Retail giants B&M, Iceland and Wilko have been forced to shutter stores across the United Kingdom due to sky-high leases and redevelopment projects that are impacting their locations. Experts predict that the days of leisurely bargain-hunting are now long gone.

The future of the high street is set to undergo a drastic transformation as Wetherspoon, one of the largest pub chains in Britain, announces it will also be closing several sites in early 2023. But how will this affect shoppers and our economy? Let’s investigate further.

What Stores are Closing and Why?

Until 2019, B&M dominated the UK’s retail market with record growth, but its sales have plummeted due to the effects of the pandemic and the skyrocketing cost of living costs. Despite the investment in digital sales, six stores will be closed; with one of them being situated in Birmingham as part of redevelopment efforts.

The retail giant Wilkinson, otherwise known as Wilko, announced recently that it would be shutting down 15 shops due to its costly long-term leases. Locations in London, Bristol and Belfast are among the most importantly affected cities. With the closure of 30 locations, Iceland is also downsizing, though all hope is not lost as they are opening new stores in other areas to make up for it.

Just days after Lloyds Pharmacy declared that all 1,300 of its branches were facing the possibility of closing due to difficult market conditions, this news has now been released. By the end of this year, Sainsbury’s supermarkets will have shut down 237 of its chemists, which follows last year’s additional closures of a further 76 stores.

This year, Halifax and Lloyds have each closed 40 high-street bank branches due to the significant decrease in customer traffic.

Bargain-Hunting Culture
Source: Daily Mail

What Are Some Opinions on These Changes?

In light of the post-pandemic’s economic troubles and rising cost of living, these closures come as yet another difficulty. As suggested by experts, the surge in online shopping and an alteration of consumer demands could be adding to this trend. 

This has been made notably visible at supermarkets, where bigger names are now compelled to lower their margins in order to compete with ultra-low prices.

So, it appears as if the culture of bargain-shopping for leisure has ended, or is at least on hiatus. People are still searching for discounted necessities, such as food staples, but they’re no longer being deliberately drawn to other discount retailers the way they used to be.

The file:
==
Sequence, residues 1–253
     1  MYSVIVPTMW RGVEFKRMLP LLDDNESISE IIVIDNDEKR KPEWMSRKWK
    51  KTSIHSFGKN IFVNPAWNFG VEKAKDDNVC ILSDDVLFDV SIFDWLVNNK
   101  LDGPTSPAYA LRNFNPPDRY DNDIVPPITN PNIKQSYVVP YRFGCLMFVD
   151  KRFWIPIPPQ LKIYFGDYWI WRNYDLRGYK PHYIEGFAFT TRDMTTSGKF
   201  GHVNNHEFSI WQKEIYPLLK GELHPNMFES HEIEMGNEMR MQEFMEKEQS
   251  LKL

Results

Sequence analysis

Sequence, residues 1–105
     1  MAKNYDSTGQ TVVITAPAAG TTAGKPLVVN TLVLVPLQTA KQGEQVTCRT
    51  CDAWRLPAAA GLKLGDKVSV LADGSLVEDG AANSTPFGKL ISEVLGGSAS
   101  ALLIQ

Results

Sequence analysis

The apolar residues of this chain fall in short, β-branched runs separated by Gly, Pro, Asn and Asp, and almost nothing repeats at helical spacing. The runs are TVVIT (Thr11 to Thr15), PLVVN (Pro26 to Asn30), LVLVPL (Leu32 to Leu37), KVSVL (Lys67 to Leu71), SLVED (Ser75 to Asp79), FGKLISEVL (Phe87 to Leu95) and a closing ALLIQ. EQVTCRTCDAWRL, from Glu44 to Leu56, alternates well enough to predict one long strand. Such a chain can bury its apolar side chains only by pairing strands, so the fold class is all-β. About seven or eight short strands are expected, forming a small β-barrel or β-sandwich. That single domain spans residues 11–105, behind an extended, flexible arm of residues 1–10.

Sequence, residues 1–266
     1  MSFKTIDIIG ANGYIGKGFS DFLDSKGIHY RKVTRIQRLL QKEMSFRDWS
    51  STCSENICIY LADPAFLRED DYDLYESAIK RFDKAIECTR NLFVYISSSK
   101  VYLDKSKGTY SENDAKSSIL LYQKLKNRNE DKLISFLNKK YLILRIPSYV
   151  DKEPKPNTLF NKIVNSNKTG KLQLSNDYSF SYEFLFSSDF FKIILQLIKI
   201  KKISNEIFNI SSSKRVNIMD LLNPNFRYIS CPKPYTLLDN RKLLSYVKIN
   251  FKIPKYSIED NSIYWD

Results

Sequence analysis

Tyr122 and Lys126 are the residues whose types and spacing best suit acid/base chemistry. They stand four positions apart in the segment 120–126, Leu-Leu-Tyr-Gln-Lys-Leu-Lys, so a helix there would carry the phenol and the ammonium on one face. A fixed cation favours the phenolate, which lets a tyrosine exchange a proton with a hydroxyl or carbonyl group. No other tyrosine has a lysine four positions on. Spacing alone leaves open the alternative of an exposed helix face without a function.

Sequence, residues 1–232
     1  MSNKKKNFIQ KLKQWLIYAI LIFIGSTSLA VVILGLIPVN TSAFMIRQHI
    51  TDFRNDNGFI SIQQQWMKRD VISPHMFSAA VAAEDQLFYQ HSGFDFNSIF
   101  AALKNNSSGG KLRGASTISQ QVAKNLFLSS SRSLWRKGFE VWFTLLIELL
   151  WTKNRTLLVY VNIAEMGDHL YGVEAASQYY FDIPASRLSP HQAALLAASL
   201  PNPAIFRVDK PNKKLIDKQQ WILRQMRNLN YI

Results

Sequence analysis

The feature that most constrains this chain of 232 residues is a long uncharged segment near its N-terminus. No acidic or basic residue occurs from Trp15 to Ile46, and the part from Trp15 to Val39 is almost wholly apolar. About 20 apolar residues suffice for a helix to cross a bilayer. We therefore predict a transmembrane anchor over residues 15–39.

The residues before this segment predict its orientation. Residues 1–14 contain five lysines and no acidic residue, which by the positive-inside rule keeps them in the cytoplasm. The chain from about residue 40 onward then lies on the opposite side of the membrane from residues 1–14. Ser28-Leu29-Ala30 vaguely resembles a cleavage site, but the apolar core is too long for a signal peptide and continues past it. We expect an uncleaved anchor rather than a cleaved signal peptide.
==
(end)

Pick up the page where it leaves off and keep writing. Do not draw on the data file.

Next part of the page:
In the past, people would charge to popular discount stores such as B&M, Iceland, and Wilko for unbeatable deals; however, with recent economic changes forcing individuals to be increasingly aware of their spending habits and financial status, shopping for pleasure has taken a backseat.

Could There Be Any Potential Positives to These Closures?

The closure of high street businesses may initially seem like a disappointment, but it could also potentially create new doors for other enterprising companies to thrive. As rents and prices for retail units in high-traffic locations become more affordable, it opens the door to smaller businesses or independent entrepreneurs.

Furthermore, increased attention to high-calibre products and responsible sourcing methods could gain from the transition in customer practices; shopping domestically and backing small companies may become more essential than ever as our economy recovers.

What Must Companies Do To Survive?

It is unclear what the future of shopping in-person holds, but one thing stands tall – companies must switch up their approach if they wish to remain afloat! Online shopping is a booming trend that doesn’t show any sign of slowing, and retailers who can provide an effortless buying experience across multiple platforms may be able to gain the upper hand.

Moreover, businesses should be centering their strategies around customers and tailoring solutions to their ever-shifting demands and desires. In a bargain-seeking landscape, retailers who provide value, comfort, and excellence will continue to excel.


As customers become more cost-savvy and invest less in shopping for pleasure, the closure of stores by high street budget chains could be a signal of shifting consumer behaviour. The current climate may prove difficult for retailers, but this period of respite could be a chance to explore fresh possibilities and promote sustainable practices.

To survive in the ever-transforming retail world, businesses must be able to provide customers with value, convenience, and quality. Those who succeed in doing so will undoubtedly remain as prominent players on the high street. 

Although the future may appear uncertain, change can bring a revitalization and fresh innovation to our local shopping centres.